Americans see home as an investment again. Is that good?

2 Replies

For the first time in years, Americans are seeing their homes as investments.

The American Dream of homeownership—having a place to call your own—may not have dissipated during the housing crisis, but the concept of home-as-investment tumbled just as home prices did.

According to a recent Gallup poll, real estate beats out stocks, bonds, savings accounts and even the Great Recession's investment darling, gold, as the favored form of long-term investment. A full 30 percent of Americans see real estate as the best investment—up from just 19 percent in 2011.

@Brianna Schmidt

As we all know the media can twist around just about anything to come up with a story in their favor. However we are so short sided and fickle as Americans. It just blows my mind how much of a herd mentality we have in this country. For so many types of investment real estate the utility doesn't change overtime. Yes areas change, grow, or decline...buyers change to renters and vice versa however the core of our investments don't change. However the value can wildly change based on the market's perception of risk. Capital markets have a big impact on prices as well however most of that is fueled by market perception as well.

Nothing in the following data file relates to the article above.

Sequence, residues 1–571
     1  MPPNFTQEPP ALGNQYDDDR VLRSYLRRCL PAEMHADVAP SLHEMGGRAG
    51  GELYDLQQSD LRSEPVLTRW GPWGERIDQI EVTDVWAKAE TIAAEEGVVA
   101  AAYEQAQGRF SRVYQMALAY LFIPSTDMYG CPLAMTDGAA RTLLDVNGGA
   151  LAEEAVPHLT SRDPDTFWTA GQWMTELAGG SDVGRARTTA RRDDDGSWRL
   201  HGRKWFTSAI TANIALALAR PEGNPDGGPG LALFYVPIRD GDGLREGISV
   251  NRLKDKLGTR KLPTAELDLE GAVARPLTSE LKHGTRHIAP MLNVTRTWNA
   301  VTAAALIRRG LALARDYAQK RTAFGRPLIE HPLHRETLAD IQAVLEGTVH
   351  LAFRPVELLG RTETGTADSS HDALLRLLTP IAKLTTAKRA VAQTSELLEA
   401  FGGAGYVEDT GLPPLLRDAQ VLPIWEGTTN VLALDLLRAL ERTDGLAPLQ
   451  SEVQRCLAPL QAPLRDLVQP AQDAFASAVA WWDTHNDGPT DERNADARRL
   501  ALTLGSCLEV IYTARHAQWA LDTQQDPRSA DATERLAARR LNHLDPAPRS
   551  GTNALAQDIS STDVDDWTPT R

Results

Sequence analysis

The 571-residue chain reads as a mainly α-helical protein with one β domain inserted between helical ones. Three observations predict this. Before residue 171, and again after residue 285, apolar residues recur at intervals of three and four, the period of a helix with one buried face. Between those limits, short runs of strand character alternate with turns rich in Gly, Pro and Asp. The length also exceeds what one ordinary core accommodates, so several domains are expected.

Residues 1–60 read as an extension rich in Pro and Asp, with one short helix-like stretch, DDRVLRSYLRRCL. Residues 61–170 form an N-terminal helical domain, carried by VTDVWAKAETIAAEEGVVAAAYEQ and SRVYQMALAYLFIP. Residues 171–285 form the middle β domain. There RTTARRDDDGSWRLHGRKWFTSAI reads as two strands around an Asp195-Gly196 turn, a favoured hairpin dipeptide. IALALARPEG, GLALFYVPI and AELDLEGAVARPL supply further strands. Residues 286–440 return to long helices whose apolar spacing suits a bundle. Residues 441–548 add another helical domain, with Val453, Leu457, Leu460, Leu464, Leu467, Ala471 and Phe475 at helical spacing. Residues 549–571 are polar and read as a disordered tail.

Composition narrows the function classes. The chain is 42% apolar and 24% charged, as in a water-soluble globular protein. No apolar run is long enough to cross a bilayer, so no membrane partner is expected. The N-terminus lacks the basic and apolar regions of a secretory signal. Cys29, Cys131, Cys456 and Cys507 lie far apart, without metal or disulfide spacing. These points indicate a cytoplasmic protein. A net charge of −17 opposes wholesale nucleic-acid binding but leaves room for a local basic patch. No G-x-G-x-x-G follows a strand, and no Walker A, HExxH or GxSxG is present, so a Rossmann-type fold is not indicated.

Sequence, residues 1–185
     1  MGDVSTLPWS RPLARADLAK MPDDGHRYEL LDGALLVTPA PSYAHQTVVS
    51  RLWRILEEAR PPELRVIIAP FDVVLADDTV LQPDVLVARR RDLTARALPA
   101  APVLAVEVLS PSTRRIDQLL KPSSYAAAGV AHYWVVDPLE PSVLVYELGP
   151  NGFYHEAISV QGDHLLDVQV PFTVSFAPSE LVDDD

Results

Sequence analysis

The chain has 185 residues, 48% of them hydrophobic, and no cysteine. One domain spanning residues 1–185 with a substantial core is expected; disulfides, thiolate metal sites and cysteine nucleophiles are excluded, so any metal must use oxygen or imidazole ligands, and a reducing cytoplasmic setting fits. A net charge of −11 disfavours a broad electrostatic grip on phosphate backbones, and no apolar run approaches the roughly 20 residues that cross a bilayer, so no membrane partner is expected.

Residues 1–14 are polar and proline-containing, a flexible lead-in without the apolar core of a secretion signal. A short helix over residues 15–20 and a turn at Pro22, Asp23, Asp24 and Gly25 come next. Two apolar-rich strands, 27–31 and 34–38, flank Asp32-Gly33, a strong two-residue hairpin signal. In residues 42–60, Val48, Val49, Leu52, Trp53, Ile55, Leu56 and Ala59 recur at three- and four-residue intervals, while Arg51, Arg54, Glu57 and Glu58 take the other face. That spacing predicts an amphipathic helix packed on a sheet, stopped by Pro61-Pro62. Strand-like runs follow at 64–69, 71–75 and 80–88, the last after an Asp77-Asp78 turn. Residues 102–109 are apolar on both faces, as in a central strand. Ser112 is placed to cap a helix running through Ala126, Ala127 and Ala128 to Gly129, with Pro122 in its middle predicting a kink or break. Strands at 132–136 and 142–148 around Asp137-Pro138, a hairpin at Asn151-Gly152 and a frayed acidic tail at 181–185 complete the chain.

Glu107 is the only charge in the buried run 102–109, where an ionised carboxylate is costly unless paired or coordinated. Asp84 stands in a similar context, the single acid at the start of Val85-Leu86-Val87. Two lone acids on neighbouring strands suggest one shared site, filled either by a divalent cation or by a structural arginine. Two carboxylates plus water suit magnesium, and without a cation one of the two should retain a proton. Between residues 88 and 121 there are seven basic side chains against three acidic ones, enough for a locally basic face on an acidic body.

I read that article last night - it contains a lot of words but doesn't actually say anything new or insightful.

The current environment is different than the 2004-2007 adventures because the lending requirements are (theoretically) more strict and appraisals are more reliable.

When I refinanced last year, the bank sent an appraiser who actually stepped-foot inside my house to look around, take notes, take pictures, etc. I was pleasantly surprised. It's the first time that I have met with an appraiser whom I didn't hire myself. In previous purchases/refinances, I would just get an e-mail or a phone call from an appraiser who did a drive-by (if that).

Though somewhat driven by investor-demand, I believe the current price increases are more-sustainable because there are more factors that make it difficult for buyers to take out a loan on a property they really can't afford, or take out a loan with an LTV greater than 100%.

In essence I believe the people who are driving the current price increases have a better idea of what's going-on and are actually creating the surge, rather than just riding it.

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